Has anyone ever merged two sets of data in Excel?

Hey I'm hoping someone here who's better with computers can help me with some terminology. I have a county who has all of their data up on their website for free---saweet! But,it's not in the most useful format. I've been able to download and convert to Excel, but my problem is that I now have two lists I need to "merge". One list is the delinquent tax last (sans owner information) and one is the name and contact information for the parcel owners. The first list has an ID number for each landowner. The second list also has that ID number. What I wondering is, is there a way to take the two Excel sheets and merge them together and match up the ID numbers to create the list that I need with all of the information? I've been searching the internet, but I can't find what I need. I'm probably using the wrong terminology, or its not something Excel is able to do. Does anyone know? Thanks so much!!!

Yes, I have done this before. There are a couple different ways to get the same result. I would look at setting up a report worksheet, a data worksheet and possible a third data worksheet (depending on how often your data changes). It has been a little while since I last attempted something like this, but I believe I have a couple of copy's of worksheets to get started.

@Bloomfieldks Yes, you can definitely do that, and there are a few ways to do it. What you're trying to do is more innately a database operation, specifically "inner join". You can convert your spreadsheets to tables and use SQL to do an inner join on the parcel id field of the two tables. If you have Excel, then I'm guess you have Microsoft Access, which you can use to convert the spreadsheets to tables and do the inner join operation (https://support.microsoft.com/en-us/office/inner-join-operation-b9e73ab6-884a-403e-9f22-cb502feae36a).

You can also do similar things with Excel, but it's a bit less straightforward. You can use the vlookup function, and use one of the spreadsheets as the lookup table. You can hack together a pivot table that gets records from each spreadsheet. You can even do super-clunky things like append one spreadsheet to the other and sort by parcel id, and then use complicated formulas like [simplified for clarity] "if this cell and that cell match, then grab values from this relative address". I wouldn't recommend that last one lol. The point is that there are several ways to achieve what you want. If you're going to be doing this a lot, then you should probably opt for a solution that's more repeatable and less cumbersome.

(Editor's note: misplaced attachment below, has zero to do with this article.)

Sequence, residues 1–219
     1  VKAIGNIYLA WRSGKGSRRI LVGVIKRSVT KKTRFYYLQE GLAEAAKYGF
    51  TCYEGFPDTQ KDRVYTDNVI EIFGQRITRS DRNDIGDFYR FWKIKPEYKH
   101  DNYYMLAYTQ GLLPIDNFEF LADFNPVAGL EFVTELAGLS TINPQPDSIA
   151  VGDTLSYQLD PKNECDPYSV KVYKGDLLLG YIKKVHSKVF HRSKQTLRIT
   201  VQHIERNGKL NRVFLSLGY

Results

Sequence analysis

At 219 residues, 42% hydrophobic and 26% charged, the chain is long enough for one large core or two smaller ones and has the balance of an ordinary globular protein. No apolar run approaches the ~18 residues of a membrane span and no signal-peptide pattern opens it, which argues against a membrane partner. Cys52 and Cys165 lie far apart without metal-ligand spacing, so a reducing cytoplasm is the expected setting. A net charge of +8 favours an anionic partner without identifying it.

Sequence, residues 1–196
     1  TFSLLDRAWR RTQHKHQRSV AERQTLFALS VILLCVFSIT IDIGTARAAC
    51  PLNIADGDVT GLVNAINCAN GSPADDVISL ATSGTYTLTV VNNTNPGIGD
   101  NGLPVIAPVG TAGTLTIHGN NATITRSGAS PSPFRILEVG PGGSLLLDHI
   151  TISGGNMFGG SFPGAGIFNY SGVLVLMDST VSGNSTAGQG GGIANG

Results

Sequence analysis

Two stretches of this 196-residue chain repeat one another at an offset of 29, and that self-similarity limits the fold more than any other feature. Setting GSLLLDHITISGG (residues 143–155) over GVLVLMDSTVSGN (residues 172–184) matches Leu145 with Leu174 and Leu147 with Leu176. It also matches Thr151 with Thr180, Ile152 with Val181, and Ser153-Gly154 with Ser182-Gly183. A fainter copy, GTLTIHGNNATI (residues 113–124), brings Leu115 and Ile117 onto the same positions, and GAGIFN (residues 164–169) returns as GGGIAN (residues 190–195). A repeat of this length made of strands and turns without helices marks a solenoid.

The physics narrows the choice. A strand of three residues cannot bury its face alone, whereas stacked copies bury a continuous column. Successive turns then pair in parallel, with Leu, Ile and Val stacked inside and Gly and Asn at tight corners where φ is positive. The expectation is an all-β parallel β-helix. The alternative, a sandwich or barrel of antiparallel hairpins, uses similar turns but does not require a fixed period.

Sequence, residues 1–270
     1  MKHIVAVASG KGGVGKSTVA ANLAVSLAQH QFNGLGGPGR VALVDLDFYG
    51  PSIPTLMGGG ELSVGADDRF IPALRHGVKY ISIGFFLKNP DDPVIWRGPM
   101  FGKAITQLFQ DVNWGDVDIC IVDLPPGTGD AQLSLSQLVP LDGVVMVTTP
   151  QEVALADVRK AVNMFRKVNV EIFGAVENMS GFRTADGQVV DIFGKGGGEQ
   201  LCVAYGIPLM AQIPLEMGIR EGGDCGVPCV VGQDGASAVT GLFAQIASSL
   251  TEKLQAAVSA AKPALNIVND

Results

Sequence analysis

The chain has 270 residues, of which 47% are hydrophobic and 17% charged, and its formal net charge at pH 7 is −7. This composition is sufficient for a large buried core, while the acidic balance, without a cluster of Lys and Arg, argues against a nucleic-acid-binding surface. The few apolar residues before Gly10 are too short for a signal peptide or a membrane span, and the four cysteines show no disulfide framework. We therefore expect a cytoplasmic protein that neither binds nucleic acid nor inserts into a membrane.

@LZ9495 @oranjoose Thanks for the info! I'll have to keep working on it and see if I can figure it out.

@Bloomfieldks Do both spreadsheets (tax and property/owner info) have the same number of rows? Or could you manipulate them to have the same number of rows with some reasonable effort? If so, since they both have the same ID number field, you could sort all of the rows by that number, alpha-numerically, on both sheets, and then copy the columns from one of the sheets onto the other. Depending on the number of records/rows, if the one list has a very different number than the other, this approach might not be practical.

@dl7573 I honestly gave up for a couple of days. I'm not super techy, lol and I'm pretty busy with my 9-5 this week. I am going to re-visit the problem this weekend. The spreadsheets have very different number of rows--one is all of the property owners in the County and one is just the delinquent accounts. I could possibly manipulate the number of columns to be the same.

@Bloomfieldks I totally get it. I don't know how practical this might be, depending on the number of accounts on the delinquent list, but you could possibly use Excel's sort feature on both lists to list them both in the same order by parcel ID, then use the Filter feature on parcel ID column within the full property owners list to only show those properties that are on the delinquent list (hiding all others), then if you can confirm they both show the same properties in the same order, you can copy/paste the columns you want to add from one to the other. If you're not familiar with the Filter feature in Excel, you might find some examples of what I mean from some Google or YouTube searches. It's not too difficult in terms of being technical to figure out, but the worst part, which might become impractical if you have hundreds of delinquent properties, would be having to manually check off each of the properties you want to show, one by one, in the Filter drop-down. If it's going to be too tedious, you might find someone on Upwork or Fiverr to combine the fields you need, pretty inexpensively.

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@dl7573 I love the idea of just hiring this out, lol. I'm one of those do-it-yourself people, but have precious little time to keep things moving and I think I may be wasting too much of it trying to figure this problem out. Thanks for your help!

I can help. I've been known to do some very clever things in excel.

email it to [email protected] and I'll have a look.


@Cory Hey thanks! I actually just saw this message--I've already paid someone from Fivver to help me out. I appreciate the offer, though!